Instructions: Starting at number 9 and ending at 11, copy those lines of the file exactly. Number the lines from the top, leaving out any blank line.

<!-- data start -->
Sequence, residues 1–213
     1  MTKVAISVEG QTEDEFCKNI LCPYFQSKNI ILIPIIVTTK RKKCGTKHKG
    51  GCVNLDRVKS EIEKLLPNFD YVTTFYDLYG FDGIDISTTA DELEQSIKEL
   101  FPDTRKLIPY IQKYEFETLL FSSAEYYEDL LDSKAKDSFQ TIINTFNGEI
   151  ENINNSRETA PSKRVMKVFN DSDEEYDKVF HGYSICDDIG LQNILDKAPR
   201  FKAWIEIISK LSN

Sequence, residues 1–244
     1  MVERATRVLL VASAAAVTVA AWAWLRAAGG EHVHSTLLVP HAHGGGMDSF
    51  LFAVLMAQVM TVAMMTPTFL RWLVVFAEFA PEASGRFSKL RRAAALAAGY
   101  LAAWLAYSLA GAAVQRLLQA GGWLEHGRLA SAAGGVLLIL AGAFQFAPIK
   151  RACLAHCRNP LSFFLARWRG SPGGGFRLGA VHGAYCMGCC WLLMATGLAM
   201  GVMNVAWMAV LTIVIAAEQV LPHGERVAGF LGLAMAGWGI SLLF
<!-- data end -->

    51  LFAVLMAQVM TVAMMTPTFL RWLVVFAEFA PEASGRFSKL RRAAALAAGY
   101  LAAWLAYSLA GAAVQRLLQA GGWLEHGRLA SAAGGVLLIL AGAFQFAPIK
   151  RACLAHCRNP LSFFLARWRG SPGGGFRLGA VHGAYCMGCC WLLMATGLAM